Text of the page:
Varroa mites

‘Murder hornet’ nest is found in Northwest for second time

State wildlife officials expect to destroy a nest of the Asian giant hornets in the northwestern corner of Washington State this week, and say "there may still be more" nests of the so-called murder hornet in the area near the Canadian border. It was the second time within a year that a nest of the hornets, a threat to honeybees, was found in Whatcom County.

Colony collapse surges among honeybees

After a sharp drop in 2017, colony collapse disorder hit more U.S. honeybee operators this year, said USDA on Wednesday. The annual Honey Bee Colonies report said 77,800 colonies were lost to the disorder during the first quarter of this year, a 15-percent increase from 2017 for operations with five or more colonies. January through March is traditionally the period with the highest losses.

Lithium chloride may be tool against honeybee parasite

German researchers report that lithium chloride “is highly effective” in killing Varroa mites, a parasite commonly listed as one of the major reasons for high mortality among the pollinating insects.

The varroa mite might have a vulnerability

Researchers have found “genetic holes” in the armor of the varroa mite, a parasite that is a leading culprit in the decimation of honeybees, that could lead to strategies for controlling or even eliminating the mite, reports Science Daily.

Beekeepers’ practices may help parasitic Varroa mite to spread

Among the afflictions that drive down honeybee populations, the blood-sucking Varroa mite, which weakens and shortens the life of bees, usually is at the top of the list. A paper in the journal Environmental Entomology says the mite takes advantage of bee industry practices, such as placing colonies near each other and preventing colonies from dividing, to multiply in a hive and to spread to other hives, reports Growing Produce, a specialty crop publication.

Losses of honeybee colonies are lowest in five years

Beekeepers lost one-third of their colonies in the year ending in March, down 6 percent from the previous year and the lowest loss rate since 2011-12, when less than 29 percent of colonies were lost, says the Bee Informed Partnership of university researchers. Assistant entomology professor Dennis vanEngelsdorp, of the University of Maryland, said the decline in losses was encouraging but added, "It's hard to imagine any other agricultural sector being able to stay in business with such consistently high losses."

Beekeepers, veterinarians face problems with FDA’s new ABX rules

Starting this month, U.S. beekeepers will need a veterinarian for certain bee medications. Under the FDA’s new Veterinary Feed Directive rules, which took effect January 1, vets oversee the use of most antimicrobials in beehives — and both beekeepers and veterinarians are confused.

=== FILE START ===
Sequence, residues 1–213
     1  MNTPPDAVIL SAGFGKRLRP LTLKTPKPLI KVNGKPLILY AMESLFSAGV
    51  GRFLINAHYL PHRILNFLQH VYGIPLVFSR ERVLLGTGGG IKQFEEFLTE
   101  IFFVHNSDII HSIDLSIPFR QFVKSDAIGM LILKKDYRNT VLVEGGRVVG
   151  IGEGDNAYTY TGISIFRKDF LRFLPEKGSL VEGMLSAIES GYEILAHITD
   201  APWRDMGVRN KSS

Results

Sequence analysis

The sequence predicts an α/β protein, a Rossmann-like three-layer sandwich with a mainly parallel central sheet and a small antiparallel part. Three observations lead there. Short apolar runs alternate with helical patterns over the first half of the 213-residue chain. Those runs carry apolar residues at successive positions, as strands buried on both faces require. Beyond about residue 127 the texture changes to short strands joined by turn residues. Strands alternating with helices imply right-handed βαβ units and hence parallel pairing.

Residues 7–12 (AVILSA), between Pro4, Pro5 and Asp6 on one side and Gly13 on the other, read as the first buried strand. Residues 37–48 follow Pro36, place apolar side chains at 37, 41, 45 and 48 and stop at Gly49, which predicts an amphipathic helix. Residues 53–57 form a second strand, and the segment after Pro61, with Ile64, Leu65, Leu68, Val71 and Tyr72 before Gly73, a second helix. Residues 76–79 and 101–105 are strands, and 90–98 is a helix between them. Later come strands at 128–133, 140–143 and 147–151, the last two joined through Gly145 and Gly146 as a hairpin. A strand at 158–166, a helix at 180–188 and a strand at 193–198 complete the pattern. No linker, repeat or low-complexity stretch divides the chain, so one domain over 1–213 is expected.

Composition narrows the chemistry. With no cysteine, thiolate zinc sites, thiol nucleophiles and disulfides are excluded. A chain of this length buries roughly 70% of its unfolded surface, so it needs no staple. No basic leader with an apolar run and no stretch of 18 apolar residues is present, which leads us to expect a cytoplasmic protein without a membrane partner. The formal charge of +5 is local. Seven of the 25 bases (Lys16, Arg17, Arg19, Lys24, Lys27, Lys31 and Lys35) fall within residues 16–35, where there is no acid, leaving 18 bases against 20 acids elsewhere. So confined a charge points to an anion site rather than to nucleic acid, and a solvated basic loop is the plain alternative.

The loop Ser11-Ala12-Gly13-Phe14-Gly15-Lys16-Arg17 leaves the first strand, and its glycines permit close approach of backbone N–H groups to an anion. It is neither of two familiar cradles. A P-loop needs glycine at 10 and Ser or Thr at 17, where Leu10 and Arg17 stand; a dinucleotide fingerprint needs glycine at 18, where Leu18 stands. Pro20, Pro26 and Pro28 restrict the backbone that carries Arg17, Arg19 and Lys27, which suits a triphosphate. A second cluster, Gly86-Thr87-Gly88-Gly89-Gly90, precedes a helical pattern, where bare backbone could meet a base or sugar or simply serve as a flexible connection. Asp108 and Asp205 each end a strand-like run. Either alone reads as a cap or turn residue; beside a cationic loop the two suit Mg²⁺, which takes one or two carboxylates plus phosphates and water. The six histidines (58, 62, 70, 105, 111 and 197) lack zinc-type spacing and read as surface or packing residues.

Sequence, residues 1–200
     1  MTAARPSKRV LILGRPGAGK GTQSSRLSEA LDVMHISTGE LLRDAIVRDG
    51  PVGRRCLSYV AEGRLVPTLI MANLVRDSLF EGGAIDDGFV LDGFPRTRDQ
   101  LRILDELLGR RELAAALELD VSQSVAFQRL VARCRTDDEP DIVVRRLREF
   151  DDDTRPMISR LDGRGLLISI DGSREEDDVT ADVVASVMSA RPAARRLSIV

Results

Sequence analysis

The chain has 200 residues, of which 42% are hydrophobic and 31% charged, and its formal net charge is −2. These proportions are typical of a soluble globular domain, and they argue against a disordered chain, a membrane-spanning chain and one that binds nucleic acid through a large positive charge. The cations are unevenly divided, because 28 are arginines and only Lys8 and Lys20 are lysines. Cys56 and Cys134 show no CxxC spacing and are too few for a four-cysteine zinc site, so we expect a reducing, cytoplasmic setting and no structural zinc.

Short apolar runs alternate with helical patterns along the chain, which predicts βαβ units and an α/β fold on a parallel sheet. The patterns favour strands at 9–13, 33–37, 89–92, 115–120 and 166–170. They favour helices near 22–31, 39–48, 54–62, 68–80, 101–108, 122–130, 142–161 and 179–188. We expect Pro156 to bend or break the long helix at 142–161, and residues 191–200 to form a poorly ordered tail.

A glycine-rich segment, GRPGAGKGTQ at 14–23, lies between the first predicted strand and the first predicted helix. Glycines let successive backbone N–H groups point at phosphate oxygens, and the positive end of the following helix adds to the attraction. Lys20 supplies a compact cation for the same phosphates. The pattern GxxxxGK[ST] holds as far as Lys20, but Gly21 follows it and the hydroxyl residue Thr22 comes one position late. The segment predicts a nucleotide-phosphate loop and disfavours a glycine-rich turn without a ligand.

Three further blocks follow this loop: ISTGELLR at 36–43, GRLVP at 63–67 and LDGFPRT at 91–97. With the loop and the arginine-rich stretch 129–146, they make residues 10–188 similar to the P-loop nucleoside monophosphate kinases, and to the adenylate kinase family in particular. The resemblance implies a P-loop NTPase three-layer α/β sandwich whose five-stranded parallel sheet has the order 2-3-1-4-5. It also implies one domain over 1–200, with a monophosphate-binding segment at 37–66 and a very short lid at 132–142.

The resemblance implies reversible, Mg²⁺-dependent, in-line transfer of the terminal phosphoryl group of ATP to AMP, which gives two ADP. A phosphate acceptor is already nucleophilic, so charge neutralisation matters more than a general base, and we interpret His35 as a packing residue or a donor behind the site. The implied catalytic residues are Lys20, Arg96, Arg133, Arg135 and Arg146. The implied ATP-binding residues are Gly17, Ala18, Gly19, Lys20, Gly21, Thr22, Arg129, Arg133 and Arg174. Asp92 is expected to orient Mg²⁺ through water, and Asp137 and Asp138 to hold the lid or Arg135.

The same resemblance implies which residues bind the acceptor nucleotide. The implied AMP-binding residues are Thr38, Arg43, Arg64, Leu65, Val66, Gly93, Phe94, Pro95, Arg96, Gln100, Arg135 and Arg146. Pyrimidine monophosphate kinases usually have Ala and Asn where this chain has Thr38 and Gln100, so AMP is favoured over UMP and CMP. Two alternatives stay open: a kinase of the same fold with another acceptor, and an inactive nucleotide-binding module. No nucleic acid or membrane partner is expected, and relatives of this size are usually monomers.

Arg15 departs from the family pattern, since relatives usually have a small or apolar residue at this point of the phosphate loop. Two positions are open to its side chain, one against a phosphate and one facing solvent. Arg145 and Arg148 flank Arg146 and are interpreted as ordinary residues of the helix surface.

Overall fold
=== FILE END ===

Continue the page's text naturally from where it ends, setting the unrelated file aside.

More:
Study finds new threat to honeybees

Pesticides applied to honeybee hives to kill Varroa mites and other parasites may actually be hurting the bees by damaging bacteria in their guts, according to a study published in the journal Frontiers in Microbiology.

Honeybee colonies heavily affected by Varroa mites

During spring and summer, four of 10 honeybee colonies will be under stress from Varroa mites, beekeepers said in the first issue of USDA's Honey Bee Colonies report. By far, the parasitic insects are a greater problem than other pests, diseases, pesticides, bad weather and poor nutrition, according to the survey of beekeepers.

Honeybee colony losses highest since 2013

Beekeepers across the United States lost 44 percent of their honeybee colonies in the past year, nearly as bad as losses sustained in 2012-13, according to a survey by researchers. Losses were more than twice the economically acceptable rate for owners of the pollinators that add an estimated $15 billion to U.S. agriculture through higher yields.

Climate change is turning pollen into ‘junk food’ for bees

More carbon dioxide in the air is decreasing the amount of protein in pollen and may be contributing to Colony Collapse Disorder, says Yale Environment 360. Researchers compared samples of the plant goldenrod – a staple for wild honeybees – collected from 1842 to 2014 and found that protein levels in the most recent goldenrod samples were lower by 30 percent.

Varroa mite more prevalent than thought among honeybees

A five-year survey of parasites and diseases affecting honeybee colonies found the varroa mite, regarded as a major factor in population declines, "is far more abundant than previous estimates indicated and is closely linked to several damaging viruses," says Feedstuffs.

Deadly bee disease spread by global pollinator trade

A devastating virus that has infected bees worldwide spread through global trade in pollinators used in commercial farming, a study in the journal Science finds. “Deformed wing virus,” spread by the Varroa mite, leads to significant mortality in overwintering colonies of honeybees, which pollinate fruits, nuts and other crops.

Breeding honeybees that bite back

Parasites such as the varroa mite are high on the list of suspects for the high mortality rate of honeybees, vital in pollinating a third of the food eaten by people.

Varroa mite count suggests hard winter for bees

An evaluation of bee hives found a dangerously high level of Varroa mites, a honeybee pest that is blamed in part for calamitous declines in the bee population, says Agri-Pulse, citing a blog by a Bayer scientist.

Researchers seek ways to boost honeybee numbers

Federal and private-sector scientists are looking at a variety of steps to help the honeybee population recover from a startling drop off in population. Winter losses average more than 30 pct, double the rate a quarter-century ago. There were 3 mln colonies in 1987 and 2.5 mln colonies now with a shorter avg lifespan.